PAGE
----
Set in the early 2000s, Turning Red tells the story of the upbringing of Mei Lee, a confident Chinese-Canadian tween girl who had everything in her life: a dedicated group of like-minded friends, excellent grades in school, close to her parents, especially her overprotective-and somewhat overbearing-mother, Ming. Ming has high expectations for his daughter and believes that Mei will always be an obedient and perfect daughter, like many Asian families, "This is what you should do."
But everything changes when Ming finds out that Mei has a crush on a local boy. Ming confronts him with a picture of two people drawn by Mei, embarrassing Mei in public. Filled with all kinds of unease and complicated emotions, Mei turned into a red panda overnight. She learned that this "blessing" had been passed down through the generations in her family, when they reached adulthood, which is puberty. Whenever she gets emotional, she turns into a red panda. The only way to expel it is to perform an ancient ritual during the red moon.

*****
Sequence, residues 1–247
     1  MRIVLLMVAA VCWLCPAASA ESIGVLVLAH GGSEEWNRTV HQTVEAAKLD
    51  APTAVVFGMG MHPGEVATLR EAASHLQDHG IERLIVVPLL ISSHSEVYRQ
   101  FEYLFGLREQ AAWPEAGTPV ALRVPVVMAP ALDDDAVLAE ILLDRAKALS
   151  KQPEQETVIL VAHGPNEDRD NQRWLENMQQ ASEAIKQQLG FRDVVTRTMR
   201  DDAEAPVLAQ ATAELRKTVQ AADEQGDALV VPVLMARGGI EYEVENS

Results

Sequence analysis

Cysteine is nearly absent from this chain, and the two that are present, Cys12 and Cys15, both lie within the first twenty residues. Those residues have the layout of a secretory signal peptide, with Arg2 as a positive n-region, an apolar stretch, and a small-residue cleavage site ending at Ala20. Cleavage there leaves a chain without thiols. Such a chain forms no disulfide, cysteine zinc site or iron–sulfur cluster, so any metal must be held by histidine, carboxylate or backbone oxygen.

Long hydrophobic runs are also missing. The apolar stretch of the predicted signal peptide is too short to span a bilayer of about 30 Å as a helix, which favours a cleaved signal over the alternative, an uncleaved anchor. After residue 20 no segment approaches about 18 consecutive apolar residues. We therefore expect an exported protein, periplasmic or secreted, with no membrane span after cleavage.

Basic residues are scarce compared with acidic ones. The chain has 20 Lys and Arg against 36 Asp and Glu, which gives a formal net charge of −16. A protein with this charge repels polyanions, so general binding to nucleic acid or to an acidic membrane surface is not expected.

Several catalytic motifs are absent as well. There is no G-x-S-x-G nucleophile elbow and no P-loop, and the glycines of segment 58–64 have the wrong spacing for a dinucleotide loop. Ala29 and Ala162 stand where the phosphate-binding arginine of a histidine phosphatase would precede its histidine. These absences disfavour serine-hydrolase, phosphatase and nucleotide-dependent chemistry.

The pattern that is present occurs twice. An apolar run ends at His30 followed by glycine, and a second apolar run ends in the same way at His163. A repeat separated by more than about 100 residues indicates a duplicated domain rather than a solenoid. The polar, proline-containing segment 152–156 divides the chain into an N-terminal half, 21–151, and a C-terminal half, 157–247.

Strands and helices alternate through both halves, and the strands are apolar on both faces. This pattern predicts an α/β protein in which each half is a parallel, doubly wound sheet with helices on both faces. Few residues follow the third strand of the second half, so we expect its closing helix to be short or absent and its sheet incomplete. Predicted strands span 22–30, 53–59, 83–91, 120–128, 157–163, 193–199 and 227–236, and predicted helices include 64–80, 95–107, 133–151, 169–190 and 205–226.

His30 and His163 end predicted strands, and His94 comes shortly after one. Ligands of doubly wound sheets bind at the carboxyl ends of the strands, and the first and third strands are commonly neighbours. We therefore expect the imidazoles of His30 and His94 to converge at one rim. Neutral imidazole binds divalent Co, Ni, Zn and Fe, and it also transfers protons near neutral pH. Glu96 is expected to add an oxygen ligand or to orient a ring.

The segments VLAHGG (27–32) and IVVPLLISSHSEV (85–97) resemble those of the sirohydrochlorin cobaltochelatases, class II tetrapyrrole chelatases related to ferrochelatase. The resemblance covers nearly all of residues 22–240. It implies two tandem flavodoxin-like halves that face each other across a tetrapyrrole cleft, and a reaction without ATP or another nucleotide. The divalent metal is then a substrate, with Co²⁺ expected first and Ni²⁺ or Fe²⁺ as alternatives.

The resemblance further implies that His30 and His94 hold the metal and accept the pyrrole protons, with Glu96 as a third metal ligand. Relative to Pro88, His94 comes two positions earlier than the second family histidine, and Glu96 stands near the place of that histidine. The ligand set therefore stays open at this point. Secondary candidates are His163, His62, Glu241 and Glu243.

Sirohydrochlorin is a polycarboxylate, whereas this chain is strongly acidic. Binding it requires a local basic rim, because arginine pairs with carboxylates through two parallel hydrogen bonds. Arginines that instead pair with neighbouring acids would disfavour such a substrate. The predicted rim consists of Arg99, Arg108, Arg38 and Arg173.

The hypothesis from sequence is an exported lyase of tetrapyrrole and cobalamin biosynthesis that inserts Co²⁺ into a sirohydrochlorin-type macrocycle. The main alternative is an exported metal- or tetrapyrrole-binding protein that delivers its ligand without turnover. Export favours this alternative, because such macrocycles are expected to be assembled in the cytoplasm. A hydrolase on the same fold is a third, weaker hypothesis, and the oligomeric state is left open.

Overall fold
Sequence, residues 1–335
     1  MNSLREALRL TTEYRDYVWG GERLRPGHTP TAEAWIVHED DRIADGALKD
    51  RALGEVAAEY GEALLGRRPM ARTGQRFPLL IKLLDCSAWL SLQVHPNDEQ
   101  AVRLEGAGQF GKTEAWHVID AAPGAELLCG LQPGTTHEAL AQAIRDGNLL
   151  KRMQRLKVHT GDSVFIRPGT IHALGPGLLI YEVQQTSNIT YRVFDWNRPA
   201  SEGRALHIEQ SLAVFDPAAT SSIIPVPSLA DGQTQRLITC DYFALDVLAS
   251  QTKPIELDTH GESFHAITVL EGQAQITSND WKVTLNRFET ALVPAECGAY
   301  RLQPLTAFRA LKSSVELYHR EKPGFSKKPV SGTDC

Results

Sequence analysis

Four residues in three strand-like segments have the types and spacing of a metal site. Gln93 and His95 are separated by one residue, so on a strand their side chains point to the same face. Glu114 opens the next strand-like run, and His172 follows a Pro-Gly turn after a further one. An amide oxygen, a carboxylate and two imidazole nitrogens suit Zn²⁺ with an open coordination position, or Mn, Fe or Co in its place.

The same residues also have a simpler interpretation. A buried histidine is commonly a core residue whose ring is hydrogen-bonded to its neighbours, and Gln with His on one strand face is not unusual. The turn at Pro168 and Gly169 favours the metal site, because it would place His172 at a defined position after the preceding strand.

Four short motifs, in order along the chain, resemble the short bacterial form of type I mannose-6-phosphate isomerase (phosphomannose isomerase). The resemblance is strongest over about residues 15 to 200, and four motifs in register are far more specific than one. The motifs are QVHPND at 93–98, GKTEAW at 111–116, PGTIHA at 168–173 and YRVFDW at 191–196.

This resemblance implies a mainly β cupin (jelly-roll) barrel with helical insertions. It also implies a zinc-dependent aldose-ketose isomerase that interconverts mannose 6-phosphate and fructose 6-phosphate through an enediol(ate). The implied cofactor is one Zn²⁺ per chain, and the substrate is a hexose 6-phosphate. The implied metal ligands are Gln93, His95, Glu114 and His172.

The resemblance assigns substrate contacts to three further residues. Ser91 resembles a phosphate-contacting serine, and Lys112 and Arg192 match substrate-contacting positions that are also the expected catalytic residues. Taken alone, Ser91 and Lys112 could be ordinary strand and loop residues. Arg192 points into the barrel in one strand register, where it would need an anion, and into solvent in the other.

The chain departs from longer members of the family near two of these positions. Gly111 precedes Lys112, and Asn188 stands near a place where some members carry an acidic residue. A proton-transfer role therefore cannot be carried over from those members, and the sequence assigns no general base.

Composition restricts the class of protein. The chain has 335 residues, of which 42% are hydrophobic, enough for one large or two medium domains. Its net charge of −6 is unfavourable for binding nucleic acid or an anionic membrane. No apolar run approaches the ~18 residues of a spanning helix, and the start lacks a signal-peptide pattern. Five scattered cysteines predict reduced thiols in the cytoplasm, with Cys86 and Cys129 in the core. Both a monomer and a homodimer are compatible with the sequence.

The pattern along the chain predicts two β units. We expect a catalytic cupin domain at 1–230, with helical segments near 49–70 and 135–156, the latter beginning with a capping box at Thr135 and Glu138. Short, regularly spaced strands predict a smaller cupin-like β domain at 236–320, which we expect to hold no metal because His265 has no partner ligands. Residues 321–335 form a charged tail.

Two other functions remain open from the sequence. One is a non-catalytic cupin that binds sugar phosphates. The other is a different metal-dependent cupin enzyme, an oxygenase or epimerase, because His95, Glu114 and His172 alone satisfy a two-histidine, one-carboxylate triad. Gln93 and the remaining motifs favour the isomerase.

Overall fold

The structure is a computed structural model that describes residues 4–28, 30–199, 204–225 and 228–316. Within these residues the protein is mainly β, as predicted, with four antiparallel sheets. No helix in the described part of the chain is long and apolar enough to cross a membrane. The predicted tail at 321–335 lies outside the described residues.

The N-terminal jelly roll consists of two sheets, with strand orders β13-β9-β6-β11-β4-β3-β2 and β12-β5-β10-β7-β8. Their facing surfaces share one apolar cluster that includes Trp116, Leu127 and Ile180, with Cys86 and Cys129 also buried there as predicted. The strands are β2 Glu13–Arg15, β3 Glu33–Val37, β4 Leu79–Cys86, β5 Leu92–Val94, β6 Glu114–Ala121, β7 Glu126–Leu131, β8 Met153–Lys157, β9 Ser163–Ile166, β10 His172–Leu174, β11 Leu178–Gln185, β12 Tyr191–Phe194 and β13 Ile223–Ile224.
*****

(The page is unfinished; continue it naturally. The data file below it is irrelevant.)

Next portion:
Ming warns Mei that the more she changes, the harder it will be to control. Of course, being a hormone-excessive teen is hard enough — imagine doing it in middle school, adolescence, making friends, and dealing with a clingy mother. She also wanted to see her favorite boy band 4*Town perform without her parents finding out.
"Turning Red" is a sweet and touching story about growing up, but not about separation. It also felt like a love letter to being a teenager during the 2000s, with a nostalgia—especially the boy band obsession—that I still feel it to this day. But it's these little details that make many Asians in the diaspora nod. From toilet paper rolls in the living room to Asian aunties in tracksuits and heels, "Turning Red" hasn't forgotten that this story is also for those of us Asians who struggle with identity because of our close ties to our parents. May reminds us that yes, we should "honor our parents", but we shouldn't forget to honor ourselves either.